Table 1: Demographics

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Figure 1: The percentage breakdown of the Sexual Quality of Life for Females and Sexual Quality of Life for Males answers. The top statements that females agreed with are “I feel like I have lost something,” “I feel embarrassed,” “I feel that I can talk to my partner about sexual matters,” and “It is an enjoyable part of my overall life” (76.2%, 75%, 75%, and 78.5%, respectively). The top statements that males agreed with include “I feel as if I have lost something,” “I worry about the future of my sexual life,” and “I feel anxious” (43.8%, 43.8%, and 46.6%, respectively). *Statistically significant (P < 0.05) compared to Sexual Quality of Life for Males

Click here to view

   Discussion Top

Our findings suggest that patients with AA have decreased sexual quality of life in AA. Women with AA were significantly more likely to report feeling frustrated, embarrassed, and that they lost something. Overall, most respondents identified with negative statements when discussing their sexuality, with the most common being “I feel like I lost something.” These lower SQOL-F and SQOL-M scores suggest that this patient population experiences poor sexual quality of life, similar to findings in other forms of hair loss.

Studies have explored the association of dermatologic conditions on sexual functioning, but few have analyzed the impact of dermatologic conditions on sexual quality of life. For context, despite the physical limitations of genital and nongenital psoriasis, men with these conditions report greater sexual quality of life on the SQOL-M, (76.1 ± 24.4 and 77.8 ± 24.1, respectively) in comparison to our cohort of patients.[6] This observation highlights the emotional impact of AA on sexual quality of life, as there are no physical symptoms or limitations for intercourse. Interestingly, men with nondermatologic conditions such as cancer, diabetes, and obesity also report great sexual quality of life (68.4 ± 20.9) compared to our cohort of patients.[7]

These results must be considered in the context of our study design, which is limited by a sample size of 81 respondents. Most study participants are women, and as such we were underpowered to detect potential differences by gender if they exist. Patients were obtained from the NAAF patient registry, which limits generalizability. Given the method of using a convenience sample, we are unable to calculate a response rate, and there may be response bias.

Sexual quality of life has been shown to be a significant predictor of mental and physical well-being.[8] Accordingly, this domain of health-related quality of life is particularly important for patients with AA, who are more at risk psychological disorders such as anxiety and depression.[1],[9] These findings, which suggest lower sexual quality of life among both men and women with AA, should be confirmed in additional studies, and efforts to quantify and mitigate this dimension of disease impact should be incorporated into clinical practice and trials.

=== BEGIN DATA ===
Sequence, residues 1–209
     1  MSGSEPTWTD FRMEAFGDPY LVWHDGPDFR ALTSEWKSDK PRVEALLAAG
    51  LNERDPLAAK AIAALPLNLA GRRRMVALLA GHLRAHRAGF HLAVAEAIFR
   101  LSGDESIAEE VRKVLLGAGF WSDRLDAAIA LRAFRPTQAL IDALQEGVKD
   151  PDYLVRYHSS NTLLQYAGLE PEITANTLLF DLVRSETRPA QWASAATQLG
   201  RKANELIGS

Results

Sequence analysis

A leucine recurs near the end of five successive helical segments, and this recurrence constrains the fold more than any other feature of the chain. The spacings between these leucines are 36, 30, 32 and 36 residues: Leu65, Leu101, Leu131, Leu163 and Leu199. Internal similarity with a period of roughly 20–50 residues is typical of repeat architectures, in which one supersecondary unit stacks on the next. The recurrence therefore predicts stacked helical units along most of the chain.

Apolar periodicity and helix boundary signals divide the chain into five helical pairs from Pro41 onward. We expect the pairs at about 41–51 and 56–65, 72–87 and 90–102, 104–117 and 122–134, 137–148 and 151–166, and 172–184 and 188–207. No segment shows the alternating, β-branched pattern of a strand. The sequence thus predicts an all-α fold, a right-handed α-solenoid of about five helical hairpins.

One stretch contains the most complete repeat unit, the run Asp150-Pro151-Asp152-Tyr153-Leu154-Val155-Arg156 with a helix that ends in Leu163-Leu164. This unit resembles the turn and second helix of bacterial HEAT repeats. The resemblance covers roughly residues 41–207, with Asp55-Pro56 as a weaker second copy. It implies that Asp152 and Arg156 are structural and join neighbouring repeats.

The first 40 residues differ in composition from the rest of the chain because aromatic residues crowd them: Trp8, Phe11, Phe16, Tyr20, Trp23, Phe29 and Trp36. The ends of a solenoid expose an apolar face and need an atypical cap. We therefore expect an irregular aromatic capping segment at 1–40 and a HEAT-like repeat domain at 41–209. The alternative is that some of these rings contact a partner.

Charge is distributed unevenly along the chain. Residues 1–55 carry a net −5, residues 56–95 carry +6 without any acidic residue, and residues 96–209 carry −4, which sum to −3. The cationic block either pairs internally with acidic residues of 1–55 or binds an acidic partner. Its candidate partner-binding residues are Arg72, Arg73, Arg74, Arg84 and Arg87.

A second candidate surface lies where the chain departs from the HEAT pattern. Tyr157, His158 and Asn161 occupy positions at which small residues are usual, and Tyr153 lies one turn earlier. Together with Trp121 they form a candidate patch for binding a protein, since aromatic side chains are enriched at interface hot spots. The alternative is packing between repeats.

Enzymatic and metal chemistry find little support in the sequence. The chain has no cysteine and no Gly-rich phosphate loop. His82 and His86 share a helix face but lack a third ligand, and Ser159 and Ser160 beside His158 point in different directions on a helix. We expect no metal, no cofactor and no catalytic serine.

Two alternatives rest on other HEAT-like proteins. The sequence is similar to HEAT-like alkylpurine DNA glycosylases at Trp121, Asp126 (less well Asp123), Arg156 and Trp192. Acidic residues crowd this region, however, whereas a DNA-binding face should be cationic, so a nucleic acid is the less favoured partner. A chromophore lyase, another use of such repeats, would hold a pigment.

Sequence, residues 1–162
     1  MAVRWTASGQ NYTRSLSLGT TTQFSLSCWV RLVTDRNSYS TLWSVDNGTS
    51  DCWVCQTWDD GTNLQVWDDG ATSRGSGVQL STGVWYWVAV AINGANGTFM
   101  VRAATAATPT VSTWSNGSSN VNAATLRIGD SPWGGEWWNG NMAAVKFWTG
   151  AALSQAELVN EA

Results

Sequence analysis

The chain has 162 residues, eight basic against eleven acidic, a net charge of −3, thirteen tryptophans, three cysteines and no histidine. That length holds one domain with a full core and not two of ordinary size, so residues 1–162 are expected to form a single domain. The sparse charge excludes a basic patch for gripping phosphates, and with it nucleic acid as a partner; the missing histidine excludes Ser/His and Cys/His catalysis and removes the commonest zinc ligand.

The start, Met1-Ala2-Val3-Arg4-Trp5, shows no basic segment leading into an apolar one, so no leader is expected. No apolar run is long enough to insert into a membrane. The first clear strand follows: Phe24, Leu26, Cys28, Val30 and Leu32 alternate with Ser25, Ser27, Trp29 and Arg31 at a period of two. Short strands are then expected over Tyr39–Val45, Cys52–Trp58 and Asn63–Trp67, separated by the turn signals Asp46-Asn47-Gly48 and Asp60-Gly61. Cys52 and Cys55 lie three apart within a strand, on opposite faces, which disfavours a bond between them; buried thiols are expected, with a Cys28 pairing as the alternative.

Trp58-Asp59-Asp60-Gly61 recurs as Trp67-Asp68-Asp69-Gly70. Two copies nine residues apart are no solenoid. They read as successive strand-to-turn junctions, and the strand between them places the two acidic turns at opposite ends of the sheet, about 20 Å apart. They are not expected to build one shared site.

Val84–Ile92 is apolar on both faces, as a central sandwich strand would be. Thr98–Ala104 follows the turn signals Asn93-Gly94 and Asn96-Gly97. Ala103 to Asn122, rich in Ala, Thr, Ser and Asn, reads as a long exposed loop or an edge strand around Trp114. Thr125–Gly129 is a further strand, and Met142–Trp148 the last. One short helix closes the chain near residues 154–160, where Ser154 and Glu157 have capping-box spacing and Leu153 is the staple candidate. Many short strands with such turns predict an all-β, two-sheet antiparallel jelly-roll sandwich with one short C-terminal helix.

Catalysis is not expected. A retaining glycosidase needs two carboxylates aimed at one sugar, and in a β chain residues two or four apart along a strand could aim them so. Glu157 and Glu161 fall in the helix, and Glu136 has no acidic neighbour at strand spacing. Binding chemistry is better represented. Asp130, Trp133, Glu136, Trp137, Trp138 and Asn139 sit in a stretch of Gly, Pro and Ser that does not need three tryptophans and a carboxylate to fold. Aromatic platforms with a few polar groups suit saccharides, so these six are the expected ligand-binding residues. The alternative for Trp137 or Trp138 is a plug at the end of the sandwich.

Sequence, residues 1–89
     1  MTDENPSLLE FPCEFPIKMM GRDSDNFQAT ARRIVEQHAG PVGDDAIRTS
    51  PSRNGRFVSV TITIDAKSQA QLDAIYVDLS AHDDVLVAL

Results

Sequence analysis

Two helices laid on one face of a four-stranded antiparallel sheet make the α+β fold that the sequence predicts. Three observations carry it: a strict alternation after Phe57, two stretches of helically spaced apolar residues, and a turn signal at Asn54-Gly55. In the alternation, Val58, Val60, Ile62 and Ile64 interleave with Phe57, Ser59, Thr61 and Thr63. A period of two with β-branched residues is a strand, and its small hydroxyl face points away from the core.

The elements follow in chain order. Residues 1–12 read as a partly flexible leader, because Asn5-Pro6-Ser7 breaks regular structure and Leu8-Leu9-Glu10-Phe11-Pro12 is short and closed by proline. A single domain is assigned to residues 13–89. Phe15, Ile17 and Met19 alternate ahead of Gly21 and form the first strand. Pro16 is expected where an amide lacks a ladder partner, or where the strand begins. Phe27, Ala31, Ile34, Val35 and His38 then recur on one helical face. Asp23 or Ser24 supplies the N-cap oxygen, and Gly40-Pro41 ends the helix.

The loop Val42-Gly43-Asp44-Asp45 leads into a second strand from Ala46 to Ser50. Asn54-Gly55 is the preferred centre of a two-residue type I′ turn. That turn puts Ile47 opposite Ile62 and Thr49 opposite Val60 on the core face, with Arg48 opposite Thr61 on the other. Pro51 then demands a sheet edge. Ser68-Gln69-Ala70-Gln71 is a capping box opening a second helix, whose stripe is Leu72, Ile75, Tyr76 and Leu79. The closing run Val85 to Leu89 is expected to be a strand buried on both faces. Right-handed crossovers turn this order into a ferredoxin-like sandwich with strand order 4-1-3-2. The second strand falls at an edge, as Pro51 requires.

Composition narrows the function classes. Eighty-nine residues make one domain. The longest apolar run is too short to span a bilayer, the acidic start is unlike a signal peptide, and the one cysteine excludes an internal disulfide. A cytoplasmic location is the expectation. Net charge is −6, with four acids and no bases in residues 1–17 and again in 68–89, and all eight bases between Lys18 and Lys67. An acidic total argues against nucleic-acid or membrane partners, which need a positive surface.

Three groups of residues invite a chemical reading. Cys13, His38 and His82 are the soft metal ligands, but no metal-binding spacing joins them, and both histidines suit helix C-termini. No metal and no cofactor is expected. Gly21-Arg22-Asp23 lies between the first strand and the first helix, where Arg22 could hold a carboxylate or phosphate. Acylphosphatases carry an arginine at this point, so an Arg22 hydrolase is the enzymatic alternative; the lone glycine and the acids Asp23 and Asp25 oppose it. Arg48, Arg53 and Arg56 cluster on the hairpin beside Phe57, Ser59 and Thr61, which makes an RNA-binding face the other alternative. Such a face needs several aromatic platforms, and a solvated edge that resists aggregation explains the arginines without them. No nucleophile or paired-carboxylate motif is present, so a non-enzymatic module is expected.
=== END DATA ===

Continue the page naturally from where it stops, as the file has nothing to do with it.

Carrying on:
Financial support and sponsorship


Conflicts of interest

Drs. Huang and Mostaghimi have received royalty payments from Pfizer for licensing of the ALTO tool and have participated in clinical trials related to alopecia from Incyte and Aclaris. In addition, Dr. Mostaghimi has received consulting fee from Pfizer.

   References Top

Liu LY, King BA, Craiglow BG. Health-related quality of life (HRQoL) among patients with alopecia areata (AA): A systematic review. J Am Acad Dermatol 2016;75:806-12.e3.  Back to cited text no. 1
Cash TF. Losing hair, losing points? The effects of male pattern baldness on social impression formation1. J Appl Soc Psychol 1990;20:154-67.  Back to cited text no. 2
Freedman TG. Social and cultural dimensions of hair loss in women treated for breast cancer. Cancer Nurs 1994;17:334-41.  Back to cited text no. 3
Symonds T, Boolell M, Quirk F. Development of a questionnaire on sexual quality of life in women. J Sex Marital Ther 2005;31:385-97.  Back to cited text no. 4
Abraham L, Symonds T, Morris MF. Psychometric validation of a sexual quality of life questionnaire for use in men with premature ejaculation or erectile dysfunction. J Sex Med 2008;5:595-601.  Back to cited text no. 5
Meeuwis KA, de Hullu JA, Van de Nieuwenhof HP, Evers AW, Massuger LF, Van de Kerkhof PC, et al. Quality of life and sexual health in patients with genital psoriasis. Br J Dermatol 2011;164:1247-55.  Back to cited text no. 6
Almont T, Delannes M, Ducassou A, Corman A, Bondil P, Moyal E, et al. Sexual quality of life and needs for sexology care of cancer patients admitted for radiotherapy: A 3-month cross-sectional study in a regional comprehensive reference cancer center. J Sex Med 2017;14:566-76.  Back to cited text no. 7
Holmberg D, Blair KL, Phillips M. Women's sexual satisfaction as a predictor of well-being in same-sex versus mixed-sex relationships. J Sex Res 2010;47:1-11.  Back to cited text no. 8
Ruiz-Doblado S, Carrizosa A, García-Hernández MJ. Alopecia areata: Psychiatric comorbidity and adjustment to illness. Int J Dermatol 2003;42:434-7.  Back to cited text no. 9